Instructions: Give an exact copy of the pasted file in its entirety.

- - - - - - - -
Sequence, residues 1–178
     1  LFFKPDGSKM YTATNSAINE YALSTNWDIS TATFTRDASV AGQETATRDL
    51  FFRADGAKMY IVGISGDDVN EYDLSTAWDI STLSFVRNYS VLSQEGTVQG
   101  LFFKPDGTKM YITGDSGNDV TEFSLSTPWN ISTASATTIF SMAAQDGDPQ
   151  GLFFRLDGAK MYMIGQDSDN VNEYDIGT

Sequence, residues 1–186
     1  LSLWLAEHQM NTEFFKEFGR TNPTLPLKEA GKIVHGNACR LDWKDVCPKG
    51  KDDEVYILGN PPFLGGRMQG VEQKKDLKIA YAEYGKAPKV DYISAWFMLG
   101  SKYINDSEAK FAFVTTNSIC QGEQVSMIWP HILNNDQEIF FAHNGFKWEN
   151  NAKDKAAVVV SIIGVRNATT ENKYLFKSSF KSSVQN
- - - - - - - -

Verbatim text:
Sequence, residues 1–178
     1  LFFKPDGSKM YTATNSAINE YALSTNWDIS TATFTRDASV AGQETATRDL
    51  FFRADGAKMY IVGISGDDVN EYDLSTAWDI STLSFVRNYS VLSQEGTVQG
   101  LFFKPDGTKM YITGDSGNDV TEFSLSTPWN ISTASATTIF SMAAQDGDPQ
   151  GLFFRLDGAK MYMIGQDSDN VNEYDIGT

Sequence, residues 1–186
     1  LSLWLAEHQM NTEFFKEFGR TNPTLPLKEA GKIVHGNACR LDWKDVCPKG
    51  KDDEVYILGN PPFLGGRMQG VEQKKDLKIA YAEYGKAPKV DYISAWFMLG
   101  SKYINDSEAK FAFVTTNSIC QGEQVSMIWP HILNNDQEIF FAHNGFKWEN
   151  NAKDKAAVVV SIIGVRNATT ENKYLFKSSF KSSVQN